The burner 14 disposed in the combustion chamber 12 is supplied in fuel, such as natural or bottled gas for example, from a main fuel line 38 through a normally "off" valve 40, a supply line 41 and a pair of parallel connected by-pass lines 42 and 44 leading into a common outlet line 46 connected to the inlet of the burner 14. The by-pass line 44 may be provided with a calibrated orifice to limit the flow of fuel therethrough or, in the alternative and as illustrated, it is provided with a manually adjustable valve 48, to provide manual adjustment of the flow of fuel through the branch or by-pass 44. The other branch or by-pass line 42 is provided with a normally "on" valve 50, and may be provided, if so desired, with either a calibrated orifice to limit the flow of fuel therethrough, or with a manually adjustable flow valve 52 as illustrated.

The normally "off" main valve 40 is operable to an "on" position by an appropriate relay shown in the form of a solenoid 54 capable of being energized from an electrical power source 56 through a room thermostat 58 disposed in the room 24. A thermostat 60 is disposed in the heating chamber 18 and is arranged, upon closure, to energize the relay 36 operating the switch 34 of the blower motor 30, simultaneously with energizing a relay 62 operating the normally "on" valve 50 to its "off" mode, thus interrupting the flow of fuel through the branch or by-pass line 42.

A continuously "on" pilot light, not shown, is associated with the burner 14, as is conventional, for lighting the fuel flowing through the nozzles of the burner 14, when the burner is supplied with fuel.

In the stand-by mode, illustrated at FIG. 1, that is when there is no requirement for heat to be supplied to the room 24, the room thermostat 58 is open, the main fuel supply valve 40 is "off" and the by-pass fuel valve 50 is "on". The heating chamber thermostat 60 is open, and the switch 34 of the blower motor relay 36 is open.

When heat is called upon, the room thermostat 58 closes the circuit of the relay or solenoid 54 of the normally "off" main fuel flow valve 40 which is thus caused to be turned "on", FIG. 2. Fuel thus flows through both branch or by-pass lines 42 and 44, as the valve 50 is normally "on", and full fuel flow is provided through the fuel line 46 to the burner 14. The fuel flowing through the burner nozzles is lit by the pilot light, not shown, thus causing a high heating rate of the heating chamber 18, such high heating rate being arbitrarily represented by high flames 64 from the burner 14. Until the heating chamber 18 reaches a predetermined temperature for which the heating chamber thermostat 60 is set, the thermostat 60 remains open, the blower motor switch 34 remaining open and no air is circulated through the heating chamber 18.

As soon as the temperature in the heating chamber 18 reaches the temperature for which its thermostat 60 is set, the thermostat 60 closes, FIG. 3. Closure of the thermostat 60 activates simultaneously the relay 36 closing the switch 34 of the blower motor 30, such that air is circulated through the system by the blower 28, as arbitrarily represented by arrows 68. Simultaneously therewith, the closure of the heating chamber thermostat 60 activates the relay or solenoid 62 of the normally "on" by-pass valve 50, thus operating the valve 50 to its "off" position. The main fuel valve 40 remains "on", due to the room thermostat 58 remaining closed, but fuel is nevertheless prevented from flowing through the by-pass line 42 because the valve 50 is "off" and only fuel flowing through the calibrated by-pass line 44 to the line 46 is supplied to the burner 14. The amount of fuel being supplied to the nozzles of the burner 14 is thus reduced, in turn reducing the amount of heat in the combustion chamber 12 being transferred through the walls 16 of the combustion chamber to the heating chamber 18. The reduced heat supplied by the burner 14 is arbitrarily represented by the reduced height flames 66 in the combustion chamber 12.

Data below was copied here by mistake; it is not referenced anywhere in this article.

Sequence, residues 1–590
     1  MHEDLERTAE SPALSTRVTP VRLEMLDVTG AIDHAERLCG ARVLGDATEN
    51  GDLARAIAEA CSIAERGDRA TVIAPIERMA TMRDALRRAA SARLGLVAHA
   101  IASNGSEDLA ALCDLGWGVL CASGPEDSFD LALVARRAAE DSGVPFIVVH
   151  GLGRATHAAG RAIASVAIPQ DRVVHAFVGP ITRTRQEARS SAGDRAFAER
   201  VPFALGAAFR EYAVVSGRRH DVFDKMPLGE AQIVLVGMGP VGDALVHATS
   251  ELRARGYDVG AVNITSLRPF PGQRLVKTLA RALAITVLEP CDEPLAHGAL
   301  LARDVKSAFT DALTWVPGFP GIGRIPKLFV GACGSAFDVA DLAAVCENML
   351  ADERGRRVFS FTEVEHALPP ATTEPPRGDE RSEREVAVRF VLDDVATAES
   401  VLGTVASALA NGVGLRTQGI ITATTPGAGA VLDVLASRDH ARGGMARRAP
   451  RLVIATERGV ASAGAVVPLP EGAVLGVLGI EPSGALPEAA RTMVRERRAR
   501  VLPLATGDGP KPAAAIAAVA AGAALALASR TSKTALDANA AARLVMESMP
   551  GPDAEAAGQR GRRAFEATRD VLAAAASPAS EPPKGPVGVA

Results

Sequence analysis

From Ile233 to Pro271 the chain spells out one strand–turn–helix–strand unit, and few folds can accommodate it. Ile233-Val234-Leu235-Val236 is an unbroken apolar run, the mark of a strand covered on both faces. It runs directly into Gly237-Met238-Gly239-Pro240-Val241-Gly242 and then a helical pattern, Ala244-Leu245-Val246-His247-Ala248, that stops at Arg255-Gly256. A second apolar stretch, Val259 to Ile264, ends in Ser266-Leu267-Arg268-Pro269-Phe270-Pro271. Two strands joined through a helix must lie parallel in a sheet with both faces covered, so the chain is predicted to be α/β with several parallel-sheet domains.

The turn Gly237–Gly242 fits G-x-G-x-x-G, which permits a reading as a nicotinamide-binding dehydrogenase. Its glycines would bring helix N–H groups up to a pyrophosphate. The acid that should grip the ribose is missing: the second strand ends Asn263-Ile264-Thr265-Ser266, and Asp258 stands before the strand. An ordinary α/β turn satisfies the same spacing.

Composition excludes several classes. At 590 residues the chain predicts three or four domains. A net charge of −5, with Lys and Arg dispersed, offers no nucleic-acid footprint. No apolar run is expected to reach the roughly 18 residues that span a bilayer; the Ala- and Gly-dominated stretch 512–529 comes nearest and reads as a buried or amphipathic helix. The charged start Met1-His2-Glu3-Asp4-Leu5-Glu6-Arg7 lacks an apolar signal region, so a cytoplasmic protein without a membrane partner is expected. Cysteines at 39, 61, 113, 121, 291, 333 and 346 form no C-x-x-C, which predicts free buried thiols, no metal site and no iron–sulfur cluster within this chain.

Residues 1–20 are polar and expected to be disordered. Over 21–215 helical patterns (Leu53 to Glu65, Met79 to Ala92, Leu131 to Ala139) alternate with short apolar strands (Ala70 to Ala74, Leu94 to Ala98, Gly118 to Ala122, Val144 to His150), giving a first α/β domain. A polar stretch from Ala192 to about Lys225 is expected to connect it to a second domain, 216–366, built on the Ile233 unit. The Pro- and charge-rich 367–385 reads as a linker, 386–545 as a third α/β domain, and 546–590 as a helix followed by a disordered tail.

It has been found that, in most heating systems, reducing the fuel flow to the burner 14 by 25% simultaneously with starting the air circulation through the heating chamber 18 to supply warm air to the rooms or spaces to be heated does not result in any decrease in over-all heating efficiency, and of course results in a saving of approximately 20% or more in fuel costs. The division of fuel flow between the two by-pass lines 42 and 44, or the ratio of full to partial fuel flow, is effected by placing an appropriate calibrated orifice in the branch or by-pass line 44 or, when a manually adjustable valve 48 is mounted in series in the by-pass line 44, by appropriately adjusting the flow through the adjustable valve 48 to provide a rate of flow through the by-pass line 44 which is for example 25%, or any other appropriate ratio, that of the full flow rating of the main fuel valve 40.